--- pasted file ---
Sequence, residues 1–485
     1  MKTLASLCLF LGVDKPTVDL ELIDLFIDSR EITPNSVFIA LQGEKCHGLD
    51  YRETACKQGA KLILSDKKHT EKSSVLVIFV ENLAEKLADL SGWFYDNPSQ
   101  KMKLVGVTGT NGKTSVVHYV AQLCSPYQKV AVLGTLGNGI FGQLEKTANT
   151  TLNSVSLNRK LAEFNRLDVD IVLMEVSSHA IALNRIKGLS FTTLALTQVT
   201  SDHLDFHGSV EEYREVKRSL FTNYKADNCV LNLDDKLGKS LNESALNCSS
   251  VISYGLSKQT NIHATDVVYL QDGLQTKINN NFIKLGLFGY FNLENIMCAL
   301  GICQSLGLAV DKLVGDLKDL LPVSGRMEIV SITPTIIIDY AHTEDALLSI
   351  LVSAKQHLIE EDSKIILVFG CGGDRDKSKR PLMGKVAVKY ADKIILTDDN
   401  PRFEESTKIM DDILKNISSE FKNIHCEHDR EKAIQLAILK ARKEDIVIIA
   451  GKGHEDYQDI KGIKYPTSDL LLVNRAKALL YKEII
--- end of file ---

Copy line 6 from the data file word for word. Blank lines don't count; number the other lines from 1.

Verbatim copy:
   201  SDHLDFHGSV EEYREVKRSL FTNYKADNCV LNLDDKLGKS LNESALNCSS